Checklist for Surviving Slow Season
From restaurants and hotels to manufacturers and construction companies, virtually all businesses must deal with times of low demand. These slow seasons of the year present an enormous challenge. Your business isn’t bringing in the revenues that are normally available, but you still have to pay a host of fixed costs. Only through careful adaptation can you weather all this and return to high profitability when demand picks back up. The following checklist will help you make the most of the slow season:
Save for the Slow Season
Because you aren’t bringing in as much revenue but still need to pay your bills, it’s important to set aside some of the cash you earn during the high season. Ideally, you should have enough to pay twice the value of your ordinary bills— this lets you survive if there is an unexpected increase in costs. You should also maintain a good relationship with your local bank so you can take out a loan at low interest if your cash ever proves insufficient.
Cut Seasonal Costs
While you can’t eliminate all operating costs in the slow season, there are many opportunities to minimize them. Power down any facilities or equipment that you don’t absolutely need during this season. Likewise, consider hiring employees as seasonal workers if you only need them certain months of the year. You may also want to see if your phone, internet, or other service providers offer seasonal options where you can scale back the services you buy during certain parts of the year.
Pursue Alternative Profits
The same seasonal conditions that cause your ordinary revenues to fall may create opportunities for alternative income. For example, if you have a fleet of trucks but don’t need them all during the winter, you might rent them out to someone else who can use them. You can also sublease workspace, office equipment, and countless other resources that many companies and individuals would be happy to pay for.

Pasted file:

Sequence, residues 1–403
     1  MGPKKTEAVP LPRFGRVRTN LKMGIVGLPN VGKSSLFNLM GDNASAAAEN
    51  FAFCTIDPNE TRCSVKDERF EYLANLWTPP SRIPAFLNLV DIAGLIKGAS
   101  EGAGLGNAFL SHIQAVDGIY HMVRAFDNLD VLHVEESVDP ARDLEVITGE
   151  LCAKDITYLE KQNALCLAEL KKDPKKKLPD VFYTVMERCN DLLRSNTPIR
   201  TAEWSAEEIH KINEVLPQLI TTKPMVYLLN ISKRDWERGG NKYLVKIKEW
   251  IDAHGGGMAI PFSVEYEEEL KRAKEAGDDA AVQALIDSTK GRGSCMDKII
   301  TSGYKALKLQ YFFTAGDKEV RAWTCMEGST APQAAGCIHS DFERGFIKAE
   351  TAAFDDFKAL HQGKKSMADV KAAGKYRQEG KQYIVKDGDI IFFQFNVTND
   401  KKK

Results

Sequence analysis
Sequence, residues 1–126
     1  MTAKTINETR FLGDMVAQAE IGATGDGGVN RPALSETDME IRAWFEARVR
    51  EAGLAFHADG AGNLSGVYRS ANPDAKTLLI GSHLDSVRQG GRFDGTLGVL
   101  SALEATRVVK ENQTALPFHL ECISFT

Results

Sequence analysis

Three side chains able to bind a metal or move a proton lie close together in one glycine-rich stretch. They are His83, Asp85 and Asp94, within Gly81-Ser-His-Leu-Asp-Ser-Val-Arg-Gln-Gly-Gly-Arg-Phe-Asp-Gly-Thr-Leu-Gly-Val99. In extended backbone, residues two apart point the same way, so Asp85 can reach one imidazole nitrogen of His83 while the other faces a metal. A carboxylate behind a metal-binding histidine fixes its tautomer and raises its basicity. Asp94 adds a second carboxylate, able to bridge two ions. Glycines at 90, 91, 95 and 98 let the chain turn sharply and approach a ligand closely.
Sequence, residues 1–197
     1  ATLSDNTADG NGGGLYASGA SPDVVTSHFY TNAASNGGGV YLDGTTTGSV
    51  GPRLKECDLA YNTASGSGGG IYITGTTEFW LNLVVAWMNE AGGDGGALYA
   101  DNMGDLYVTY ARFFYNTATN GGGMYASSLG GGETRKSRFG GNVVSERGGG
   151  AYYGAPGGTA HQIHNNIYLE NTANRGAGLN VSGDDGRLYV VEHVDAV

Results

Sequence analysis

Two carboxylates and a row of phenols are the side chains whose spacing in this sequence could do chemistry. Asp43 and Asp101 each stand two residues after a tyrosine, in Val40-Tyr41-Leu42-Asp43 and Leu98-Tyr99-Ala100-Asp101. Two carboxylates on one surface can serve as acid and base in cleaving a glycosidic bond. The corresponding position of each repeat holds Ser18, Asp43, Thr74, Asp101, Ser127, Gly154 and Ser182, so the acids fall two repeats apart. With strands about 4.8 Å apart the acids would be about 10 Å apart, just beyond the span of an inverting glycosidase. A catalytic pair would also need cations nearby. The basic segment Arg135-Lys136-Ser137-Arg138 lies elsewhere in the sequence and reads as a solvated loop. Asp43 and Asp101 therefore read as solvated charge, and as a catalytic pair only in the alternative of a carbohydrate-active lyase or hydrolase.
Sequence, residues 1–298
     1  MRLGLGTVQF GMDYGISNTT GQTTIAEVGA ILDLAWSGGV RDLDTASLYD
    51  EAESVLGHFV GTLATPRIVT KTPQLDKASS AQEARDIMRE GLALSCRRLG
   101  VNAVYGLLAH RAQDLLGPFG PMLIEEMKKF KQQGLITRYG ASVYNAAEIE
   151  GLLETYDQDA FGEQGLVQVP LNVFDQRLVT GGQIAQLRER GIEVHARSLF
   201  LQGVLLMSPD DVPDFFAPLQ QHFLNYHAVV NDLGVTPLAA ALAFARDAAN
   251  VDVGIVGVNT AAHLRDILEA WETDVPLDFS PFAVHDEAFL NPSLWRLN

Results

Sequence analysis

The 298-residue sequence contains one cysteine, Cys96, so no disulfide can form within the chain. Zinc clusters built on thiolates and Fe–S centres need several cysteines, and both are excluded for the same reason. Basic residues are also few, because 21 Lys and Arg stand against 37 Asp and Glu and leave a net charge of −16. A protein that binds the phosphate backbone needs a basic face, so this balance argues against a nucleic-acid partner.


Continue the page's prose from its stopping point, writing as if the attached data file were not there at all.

If you think you can boost slow season demand with a temporary discount, don’t hesitate to do so. Not only can this help you earn more revenue in the short term, it also gets customers to try your products. If they end up liking what they buy, they’re more likely to come back during other seasons, raising your revenue throughout the year.
Plan for the Future
Even after taking these steps, you will still be doing less business during the slow season. This means that you and your staff will have more free time on your hands - put this to good use. Begin reviewing projections for the following year, and come up with a plan to increase your sales and market share once demand goes back up. This way, you can more than make up for lost revenues when the off-season ends.